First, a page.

On Wednesday 3rd March 2021 the UK’s Chancellor, Rishi Sunak, delivered the second budget of the Boris Johnson government. Unsurprisingly the priority was to get the economy back on track as the UK begins to build back after the Covid-19 pandemic. Announcements were made to extend the furlough and self-employment schemes until September 2021, along with an array of measures to encourage businesses to invest in people and growth.
First-time buyers received additional support in the form of underwritten 95% mortgages and the stamp duty relief was extended until 30th June 2021, being tapered again in 30th September 2021 and returning to normal thereafter. Further investment was announced in the green economy with the establishment of a new UK Infrastructure Bank (version 2.0) headquartered in Leeds. Furthermore, the Chancellor announced a major investment in eight freeports across the UK – an option available since departure from the EU. Once tax sites within these Freeports have been designated, businesses in those tax sites will be able to benefit from a number of tax reliefs.
We had anticipated potential tax changes for individual partners in LLPs as the Chancellor had hinted that the gap between employees and the self-employed needed to be corrected, however no such changes were announced. Instead, he chose to stick to Boris Johnson’s guarantee of a triple tax lock on income tax, national insurance and VAT rates. However, while rates will remain unchanged income tax brackets will be frozen from 2022 until 2026 meaning as wages rise a greater proportion of tax will be gathered. In addition, despite a review of the capital gains rules and whispers of an alignment with income tax rates the current regime remains unchanged for now, including the annual exemption. Stability seems to be a key theme as inheritance tax thresholds, lifetime allowance for pensions and ISA limited all remain untouched.
As a result, the expected tax increases were limited to corporation tax, with the Chancellor rolling back the years by imposing a 25% top rate on businesses from April 2023 and re-introducing a small profits rate which will be maintained at the current 19%. Marginal rates will apply between the £50,000 lower limit and £250,000 upper limit. Diverted profits tax also increases in line by 6% to 31% as a key deterrent to large businesses seeking to push the boundaries of their transfer pricing policies. This is balanced by a new “super-deduction” for the next two-years enabling up to 130% to be claimed on investment in certain plant and machinery, however the fact that office space and tech form the largest component of capital spend for asset managers this is unlikely to be that meaningful.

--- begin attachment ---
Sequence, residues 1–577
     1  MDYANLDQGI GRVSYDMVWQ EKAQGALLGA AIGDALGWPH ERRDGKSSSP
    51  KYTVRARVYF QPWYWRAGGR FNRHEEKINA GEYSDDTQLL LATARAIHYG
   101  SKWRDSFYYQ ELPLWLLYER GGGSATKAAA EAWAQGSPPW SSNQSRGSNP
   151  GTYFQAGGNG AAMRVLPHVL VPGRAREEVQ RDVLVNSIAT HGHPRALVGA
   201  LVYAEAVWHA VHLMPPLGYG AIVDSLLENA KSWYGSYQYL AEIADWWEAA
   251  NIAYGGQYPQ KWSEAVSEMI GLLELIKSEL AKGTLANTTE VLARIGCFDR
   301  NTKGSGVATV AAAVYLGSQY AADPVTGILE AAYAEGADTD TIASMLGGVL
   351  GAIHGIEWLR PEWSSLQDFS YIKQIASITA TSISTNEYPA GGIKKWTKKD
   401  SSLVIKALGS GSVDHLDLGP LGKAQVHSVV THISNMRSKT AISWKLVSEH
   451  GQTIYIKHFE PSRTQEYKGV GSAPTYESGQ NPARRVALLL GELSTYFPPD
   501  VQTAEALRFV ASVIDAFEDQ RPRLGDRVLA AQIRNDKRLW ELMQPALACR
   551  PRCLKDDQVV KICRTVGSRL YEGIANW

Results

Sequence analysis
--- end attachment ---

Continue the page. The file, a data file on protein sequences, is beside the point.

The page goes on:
With many UK asset managers structured as LLPs, keeping the status quo on income tax and NIC will be widely welcomed. Despite the complicated anti-avoidance legislation that surrounds LLP structures, the headline rate of 47% looks increasingly competitive against the equivalent 49.9% (rising to 53.6% from April 2023) suffered on a combination of corporation tax and then dividend tax. LLPs should again refocus their attention on compliance with the salaried members rules as the end of the fiscal year. However, the widening gap of 6.6% feels ripe for filling with something equivalent to the employer’s NIC, albeit this needs to be balanced with the lack of optionality to roll-up profits under the mixed membership rules.
Conversely, if the rates remain as proposed, from 2023 the mixed membership rules that force partnerships to allocate profits to individuals will actually be forcing a significant tax saving for asset managers in LLP structures. This is quite a turnaround since 2014 when the rules were first introduced when equivalent effective tax rates for distributions via corporates were around 44-45%. Additionally, some recent tax cases (including two released last month) involving asset managers employing the kind of planning that the mixed membership rules were brought in to tackle fundamentally challenge the need for the rules on the statute. Commercially many in the industry would be glad to see the back of them.
Despite the usual reams of information released we have been advised to expect even more detail in the coming weeks, with the draft Finance Bill 2021 being published on 11th March. Additionally, on 23rd March we are promised further tax documents and consultations that form an important part of the government’s 10-year tax administration strategy to create a tax system fit for the challenges and opportunities of the 21st century. With the Chancellor already promising that future tax increases were needed to stop “irresponsible” debt the good news may be short lived. As always it will be a case of watch this space.